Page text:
Arsene Wenger on Theo Walcott – When a player doesn’t want to stay you either force him or let him go. After selling both Robin van Persie and Alex Song, it seems Arsenal are about to lose another key player in Walcott, with only one year left on his contract.
Whatever it was that Wenger has built over the last few years, it suddenly all falls apart in a week. After Robin van Persie backed down from his transfer request, in came Manchester United and Alex Ferguson with a £24 million offer. Arsenal opened their 2012-2013 season against Sunderland without a true striker in the lineup, a-la Spain.
Alex Song, out of nowhere, became the next Arsenal player to make the coveted road from London to Barcelona, moving to the Catalan giants for £15 million in one of the most surprising moves of the summer. Next up? Theo Walcott, who already said that if Van Persie does actually leave, he might not be so interested in staying with the Gunners.
Walcott did play for Arsenal against Sunderland, even getting four shots on goal, but he needs a true striker to play off of and feed the ball to. He’s not a target man, and he needs to play with one. He did have nine minutes with Olivier Giroud (coming on for Podolski) before Andrei Arshavin came on for Walcott, so maybe there’s still a chance he’ll change his mind.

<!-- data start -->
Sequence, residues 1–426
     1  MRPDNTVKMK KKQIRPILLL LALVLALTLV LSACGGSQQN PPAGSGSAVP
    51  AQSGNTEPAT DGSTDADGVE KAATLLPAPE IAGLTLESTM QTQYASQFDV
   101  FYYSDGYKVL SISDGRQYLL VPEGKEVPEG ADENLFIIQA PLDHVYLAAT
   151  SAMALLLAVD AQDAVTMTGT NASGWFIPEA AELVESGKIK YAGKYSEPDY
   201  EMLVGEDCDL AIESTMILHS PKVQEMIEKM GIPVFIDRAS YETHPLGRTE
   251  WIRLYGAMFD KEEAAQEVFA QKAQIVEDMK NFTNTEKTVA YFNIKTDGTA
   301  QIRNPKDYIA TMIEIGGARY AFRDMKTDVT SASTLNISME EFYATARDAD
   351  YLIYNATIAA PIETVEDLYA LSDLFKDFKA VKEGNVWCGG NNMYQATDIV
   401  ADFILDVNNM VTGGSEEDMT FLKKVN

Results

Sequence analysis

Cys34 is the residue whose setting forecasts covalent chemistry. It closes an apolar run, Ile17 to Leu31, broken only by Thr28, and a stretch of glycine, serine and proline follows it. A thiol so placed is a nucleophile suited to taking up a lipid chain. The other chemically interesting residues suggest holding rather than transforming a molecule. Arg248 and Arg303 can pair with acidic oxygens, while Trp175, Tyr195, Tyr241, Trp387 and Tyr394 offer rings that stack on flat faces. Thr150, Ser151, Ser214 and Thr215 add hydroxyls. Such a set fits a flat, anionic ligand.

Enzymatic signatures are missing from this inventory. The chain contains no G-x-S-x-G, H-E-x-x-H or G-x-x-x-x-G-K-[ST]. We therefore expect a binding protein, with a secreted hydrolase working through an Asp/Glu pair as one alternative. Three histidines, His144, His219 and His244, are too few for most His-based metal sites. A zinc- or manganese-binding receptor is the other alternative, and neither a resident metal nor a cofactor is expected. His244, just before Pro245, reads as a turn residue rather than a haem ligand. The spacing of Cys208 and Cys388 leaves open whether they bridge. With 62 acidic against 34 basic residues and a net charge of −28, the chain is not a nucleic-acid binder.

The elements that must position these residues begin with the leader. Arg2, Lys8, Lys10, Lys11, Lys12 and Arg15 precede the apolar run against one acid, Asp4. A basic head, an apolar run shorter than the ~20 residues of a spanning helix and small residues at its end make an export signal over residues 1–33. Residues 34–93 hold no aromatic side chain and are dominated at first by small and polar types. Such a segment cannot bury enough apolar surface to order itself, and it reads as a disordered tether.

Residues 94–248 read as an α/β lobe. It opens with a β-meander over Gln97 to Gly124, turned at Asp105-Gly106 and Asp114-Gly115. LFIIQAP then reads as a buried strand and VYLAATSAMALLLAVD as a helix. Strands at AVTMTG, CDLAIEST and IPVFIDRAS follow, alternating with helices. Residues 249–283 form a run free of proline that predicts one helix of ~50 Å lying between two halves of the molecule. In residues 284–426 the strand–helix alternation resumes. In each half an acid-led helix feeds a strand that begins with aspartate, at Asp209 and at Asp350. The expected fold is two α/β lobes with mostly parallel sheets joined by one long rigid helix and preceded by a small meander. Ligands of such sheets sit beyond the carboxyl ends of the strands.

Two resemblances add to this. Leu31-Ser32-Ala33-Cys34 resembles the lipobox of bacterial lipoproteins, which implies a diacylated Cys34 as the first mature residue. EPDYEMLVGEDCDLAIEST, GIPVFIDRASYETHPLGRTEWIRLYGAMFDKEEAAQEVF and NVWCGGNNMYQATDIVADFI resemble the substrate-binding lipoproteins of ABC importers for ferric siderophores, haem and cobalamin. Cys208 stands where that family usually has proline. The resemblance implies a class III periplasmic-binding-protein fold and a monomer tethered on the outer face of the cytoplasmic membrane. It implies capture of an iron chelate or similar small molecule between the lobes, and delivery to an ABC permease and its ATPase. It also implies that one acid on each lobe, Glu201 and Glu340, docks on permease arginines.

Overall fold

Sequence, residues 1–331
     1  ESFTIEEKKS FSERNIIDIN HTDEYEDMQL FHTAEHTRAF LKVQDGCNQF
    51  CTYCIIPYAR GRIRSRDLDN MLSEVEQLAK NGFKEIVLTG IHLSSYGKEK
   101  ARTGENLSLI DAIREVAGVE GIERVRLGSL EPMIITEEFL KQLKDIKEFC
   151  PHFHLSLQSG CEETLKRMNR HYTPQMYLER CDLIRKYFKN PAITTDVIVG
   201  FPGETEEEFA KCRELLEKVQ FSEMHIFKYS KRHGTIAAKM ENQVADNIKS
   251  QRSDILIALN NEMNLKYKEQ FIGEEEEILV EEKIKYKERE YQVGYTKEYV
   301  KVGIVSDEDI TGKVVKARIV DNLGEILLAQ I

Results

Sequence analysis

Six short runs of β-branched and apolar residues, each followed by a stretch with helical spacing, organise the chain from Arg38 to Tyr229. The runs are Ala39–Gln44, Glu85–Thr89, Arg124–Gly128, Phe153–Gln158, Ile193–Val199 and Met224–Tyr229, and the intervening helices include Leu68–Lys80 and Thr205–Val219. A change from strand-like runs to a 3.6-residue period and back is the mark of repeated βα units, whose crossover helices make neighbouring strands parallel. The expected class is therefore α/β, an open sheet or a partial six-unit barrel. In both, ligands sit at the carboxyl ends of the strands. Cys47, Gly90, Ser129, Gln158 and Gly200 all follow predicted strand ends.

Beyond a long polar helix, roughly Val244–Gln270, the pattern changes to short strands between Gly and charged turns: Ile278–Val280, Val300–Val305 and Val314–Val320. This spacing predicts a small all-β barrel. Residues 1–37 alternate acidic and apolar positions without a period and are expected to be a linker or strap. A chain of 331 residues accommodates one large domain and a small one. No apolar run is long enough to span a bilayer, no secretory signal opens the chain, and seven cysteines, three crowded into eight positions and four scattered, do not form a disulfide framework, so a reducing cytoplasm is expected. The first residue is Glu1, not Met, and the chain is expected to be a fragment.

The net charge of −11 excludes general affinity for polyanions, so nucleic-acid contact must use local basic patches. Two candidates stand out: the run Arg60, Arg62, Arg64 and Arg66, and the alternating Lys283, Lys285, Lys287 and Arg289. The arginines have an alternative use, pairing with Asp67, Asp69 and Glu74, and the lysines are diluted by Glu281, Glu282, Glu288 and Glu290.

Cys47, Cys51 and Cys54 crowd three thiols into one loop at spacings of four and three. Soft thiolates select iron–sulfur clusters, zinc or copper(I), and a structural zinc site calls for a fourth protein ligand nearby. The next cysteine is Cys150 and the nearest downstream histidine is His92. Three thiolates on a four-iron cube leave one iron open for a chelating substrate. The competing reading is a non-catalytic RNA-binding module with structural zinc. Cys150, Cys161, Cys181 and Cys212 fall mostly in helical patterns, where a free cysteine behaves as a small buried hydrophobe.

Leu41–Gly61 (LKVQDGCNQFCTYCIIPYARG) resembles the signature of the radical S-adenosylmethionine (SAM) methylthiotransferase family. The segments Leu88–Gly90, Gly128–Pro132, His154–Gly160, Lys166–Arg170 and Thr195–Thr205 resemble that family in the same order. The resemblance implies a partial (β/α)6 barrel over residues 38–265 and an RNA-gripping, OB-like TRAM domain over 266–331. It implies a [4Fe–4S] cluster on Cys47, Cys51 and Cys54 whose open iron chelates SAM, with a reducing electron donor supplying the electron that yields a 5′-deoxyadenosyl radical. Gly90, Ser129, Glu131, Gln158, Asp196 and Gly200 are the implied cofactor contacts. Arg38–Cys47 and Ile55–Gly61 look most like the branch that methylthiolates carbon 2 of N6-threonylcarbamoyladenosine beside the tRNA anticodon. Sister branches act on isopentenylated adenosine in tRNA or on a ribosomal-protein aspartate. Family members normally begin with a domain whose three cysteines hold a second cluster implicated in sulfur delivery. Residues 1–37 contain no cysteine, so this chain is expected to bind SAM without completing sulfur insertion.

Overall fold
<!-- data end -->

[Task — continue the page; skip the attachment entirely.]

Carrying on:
But this week has shown us one thing – Players don’t see Arsenal as the big club of their dreams. It’s a stepping stone to bigger and probably better. Walcott may not be the great talent many thought he might develop into or he still thinks he is, but in the right scheme and formation, he’s fantastically efficient thanks to his speed and underrated passing ability. Problem is, Arsenal are losing pieces, and the piece that was Walcott’s biggest drive for staying.
Wenger, whatever the decision will be, will just role with the punches. Podolski offers a nice goal-scoring threat from the wing and so does Cazorla. Giroud might turn out to be an efficient goalscorer, eventually, although I’m a bit skeptical about his chances to succeed in the Premier League. Santi Cazorla is simply a very good player, no matter where you place him. But Arsenal are losing more than they gain in terms of quality. Money and profits are nice, but they don’t get you titles when you don’t actually spend them on premier players.